Article 2 of the Baptist Faith & Message

II. God

There is one and only one living and true God. He is an intelligent, spiritual, and personal Being, the Creator, Redeemer, Preserver, and Ruler of the universe. God is infinite in holiness and all other perfections. God is all powerful and all knowing; and His perfect knowledge extends to all things, past, present, and future, including the future decisions of His free creatures. To Him we owe the highest love, reverence, and obedience. The eternal triune God reveals Himself to us as Father, Son, and Holy Spirit, with distinct personal attributes, but without division of nature, essence, or being.

A. God the Father

God as Father reigns with providential care over His universe, His creatures, and the flow of the stream of human history according to the purposes of His grace. He is all powerful, all knowing, all loving, and all wise. God is Father in truth to those who become children of God through faith in Jesus Christ. He is fatherly in His attitude toward all men.

Genesis 1:1; 2:7; Exodus 3:14; 6:2-3; 15:11ff.; 20:1ff.; Leviticus 22:2; Deuteronomy 6:4; 32:6; 1 Chronicles 29:10; Psalm 19:1-3; Isaiah 43:3,15; 64:8; Jeremiah 10:10; 17:13; Matthew 6:9ff.; 7:11; 23:9; 28:19; Mark 1:9-11; John 4:24; 5:26; 14:6-13; 17:1-8; Acts 1:7; Romans 8:14-15; 1 Corinthians 8:6; Galatians 4:6; Ephesians 4:6; Colossians 1:15; 1 Timothy 1:17; Hebrews 11:6; 12:9; 1 Peter 1:17; 1 John 5:7.

B. God the Son

Christ is the eternal Son of God. In His incarnation as Jesus Christ He was conceived of the Holy Spirit and born of the virgin Mary. Jesus perfectly revealed and did the will of God, taking upon Himself human nature with its demands and necessities and identifying Himself completely with mankind yet without sin. He honored the divine law by His personal obedience, and in His substitutionary death on the cross He made provision for the redemption of men from sin. He was raised from the dead with a glorified body and appeared to His disciples as the person who was with them before His crucifixion. He ascended into heaven and is now exalted at the right hand of God where He is the One Mediator, fully God, fully man, in whose Person is effected the reconciliation between God and man. He will return in power and glory to judge the world and to consummate His redemptive mission. He now dwells in all believers as the living and ever present Lord.

Genesis 18:1ff.; Psalms 2:7ff.; 110:1ff.; Isaiah 7:14; 53; Matthew 1:18-23; 3:17; 8:29; 11:27; 14:33; 16:16,27; 17:5; 27; 28:1-6,19; Mark 1:1; 3:11; Luke 1:35; 4:41; 22:70; 24:46; John 1:1-18,29; 10:30,38; 11:25-27; 12:44-50; 14:7-11; 16:15-16,28; 17:1-5, 21-22; 20:1-20,28; Acts 1:9; 2:22-24; 7:55-56; 9:4-5,20; Romans 1:3-4; 3:23-26; 5:6-21; 8:1-3,34; 10:4; 1 Corinthians 1:30; 2:2; 8:6; 15:1-8,24-28; 2 Corinthians 5:19-21; 8:9; Galatians 4:4-5; Ephesians 1:20; 3:11; 4:7-10; Philippians 2:5-11; Colossians 1:13-22; 2:9; 1 Thessalonians 4:14-18; 1 Timothy 2:5-6; 3:16; Titus 2:13-14; Hebrews 1:1-3; 4:14-15; 7:14-28; 9:12-15,24-28; 12:2; 13:8; 1 Peter 2:21-25; 3:22; 1 John 1:7-9; 3:2; 4:14-15; 5:9; 2 John 7-9; Revelation 1:13-16; 5:9-14; 12:10-11; 13:8; 19:16.

C. God the Holy Spirit

The Holy Spirit is the Spirit of God, fully divine. He inspired holy men of old to write the Scriptures. Through illumination He enables men to understand truth. He exalts Christ. He convicts men of sin, of righteousness, and of judgment. He calls men to the Saviour, and effects regeneration. At the moment of regeneration He baptizes every believer into the Body of Christ. He cultivates Christian character, comforts believers, and bestows the spiritual gifts by which they serve God through His church. He seals the believer unto the day of final redemption. His presence in the Christian is the guarantee that God will bring the believer into the fullness of the stature of Christ. He enlightens and empowers the believer and the church in worship, evangelism, and service.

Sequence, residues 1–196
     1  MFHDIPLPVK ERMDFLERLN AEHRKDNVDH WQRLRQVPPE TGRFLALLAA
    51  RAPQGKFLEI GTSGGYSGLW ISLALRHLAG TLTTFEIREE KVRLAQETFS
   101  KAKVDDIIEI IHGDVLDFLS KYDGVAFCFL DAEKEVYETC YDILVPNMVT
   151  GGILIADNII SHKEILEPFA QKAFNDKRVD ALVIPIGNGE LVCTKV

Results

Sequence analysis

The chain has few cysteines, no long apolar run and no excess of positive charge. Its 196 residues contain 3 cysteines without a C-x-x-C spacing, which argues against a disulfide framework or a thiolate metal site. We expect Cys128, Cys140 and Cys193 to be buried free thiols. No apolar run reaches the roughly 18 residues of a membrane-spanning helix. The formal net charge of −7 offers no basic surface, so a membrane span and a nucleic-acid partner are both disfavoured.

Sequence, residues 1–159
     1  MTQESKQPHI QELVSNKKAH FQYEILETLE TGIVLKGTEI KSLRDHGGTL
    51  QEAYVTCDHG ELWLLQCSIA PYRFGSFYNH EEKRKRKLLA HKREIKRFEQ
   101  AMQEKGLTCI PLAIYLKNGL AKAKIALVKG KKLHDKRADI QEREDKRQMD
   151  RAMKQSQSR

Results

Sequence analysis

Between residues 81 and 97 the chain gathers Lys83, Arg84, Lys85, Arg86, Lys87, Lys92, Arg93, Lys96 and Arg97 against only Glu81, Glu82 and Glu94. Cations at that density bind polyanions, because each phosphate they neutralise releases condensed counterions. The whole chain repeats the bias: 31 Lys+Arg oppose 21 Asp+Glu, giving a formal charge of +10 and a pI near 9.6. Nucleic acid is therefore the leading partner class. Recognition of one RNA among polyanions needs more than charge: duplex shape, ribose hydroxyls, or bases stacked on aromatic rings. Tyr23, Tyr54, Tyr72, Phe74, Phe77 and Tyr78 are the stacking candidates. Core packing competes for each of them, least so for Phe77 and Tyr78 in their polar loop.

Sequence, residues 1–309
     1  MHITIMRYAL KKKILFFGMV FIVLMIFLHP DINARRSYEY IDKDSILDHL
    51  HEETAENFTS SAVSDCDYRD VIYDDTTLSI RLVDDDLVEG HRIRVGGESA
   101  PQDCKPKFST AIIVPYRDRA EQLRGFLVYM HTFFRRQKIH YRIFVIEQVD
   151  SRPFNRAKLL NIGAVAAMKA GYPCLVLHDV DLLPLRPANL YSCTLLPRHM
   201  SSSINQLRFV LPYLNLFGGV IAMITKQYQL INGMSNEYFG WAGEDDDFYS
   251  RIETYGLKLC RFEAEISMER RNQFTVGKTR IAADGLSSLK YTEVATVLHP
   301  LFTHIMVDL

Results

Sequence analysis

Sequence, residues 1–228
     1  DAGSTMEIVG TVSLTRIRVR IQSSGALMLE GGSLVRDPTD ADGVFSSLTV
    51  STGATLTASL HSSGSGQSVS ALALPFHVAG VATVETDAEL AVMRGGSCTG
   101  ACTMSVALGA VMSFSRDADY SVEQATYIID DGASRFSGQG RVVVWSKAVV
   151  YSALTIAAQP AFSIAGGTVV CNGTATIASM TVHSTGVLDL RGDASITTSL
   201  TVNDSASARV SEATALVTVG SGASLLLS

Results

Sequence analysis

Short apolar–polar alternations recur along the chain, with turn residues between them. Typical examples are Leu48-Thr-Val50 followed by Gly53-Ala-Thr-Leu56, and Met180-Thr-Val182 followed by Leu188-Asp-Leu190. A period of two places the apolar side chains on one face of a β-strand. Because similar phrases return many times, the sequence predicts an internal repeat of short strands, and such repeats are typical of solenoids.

Genesis 1:2; Judges 14:6; Job 26:13; Psalms 51:11; 139:7ff.; Isaiah 61:1-3; Joel 2:28-32; Matthew 1:18; 3:16; 4:1; 12:28-32; 28:19; Mark 1:10,12; Luke 1:35; 4:1,18-19; 11:13; 12:12; 24:49; John 4:24; 14:16-17,26; 15:26; 16:7-14; Acts 1:8; 2:1-4,38; 4:31; 5:3; 6:3; 7:55; 8:17,39; 10:44; 13:2; 15:28; 16:6; 19:1-6; Romans 8:9-11,14-16,26-27; 1 Corinthians 2:10-14; 3:16; 12:3-11,13; Galatians 4:6; Ephesians 1:13-14; 4:30; 5:18; 1 Thessalonians 5:19; 1 Timothy 3:16; 4:1; 2 Timothy 1:14; 3:16; Hebrews 9:8,14; 2 Peter 1:21; 1 John 4:13; 5:6-7; Revelation 1:10; 22:17.

In the interest of keeping this post short, I’m only going to hit the highlights.

The BF&M is Trinitarian in it’s view of the unity of the Godhead.  This means that it does not give room for unitarianism, oneness theology (Jesus only), or pantheism.  We believe that God is a unity of three distinct persons.  Those persons are, the Father, the Son (Jesus), and the Holy Spirit.  Each one is God, but they are not three Gods.

We believe the Father to be God who creates, ordains, and orders all things after the counsel of His own will.  His providentially cares for all of His creation, especially those who have become sons of God by faith in Christ.

We believe the Son to be the eternally begotten Son of God, without beginning, eternally co-equal with the Father.  He was conceived by the Holy Spirit in the womb of the virgin Mary, becoming fully man while remaining fully God, in order that He might live a perfect life and thereby offer a perfect sacrifice for fallen humanity.  He was killed by crucifixion on our behalf, but He rose again bodily on the third day, and has ascended tot he right hand of the Father where he lives to make intercession for all who trust in His name.  He will return again to judge the living and the dead.

We believe in the Holy Spirit, eternally proceeding from the Father and the Son, co-equal with both the Father and the Son. The Holy Spirit inspired the Scriptures that reveal God to us, convict of sin, and regenerate us so that we may believe.  He also sanctifies us and keeps us for our ultimate salvation, at the return of Jesus Christ.

This article of the BF&M stands in the tradition of the Apostolic, Nicene, Chalcedonian, and Athanasian Creeds.



Filed under baptist, Theology, Trinity

3 responses to “Article 2 of the Baptist Faith & Message

  1. Thomas Twitchell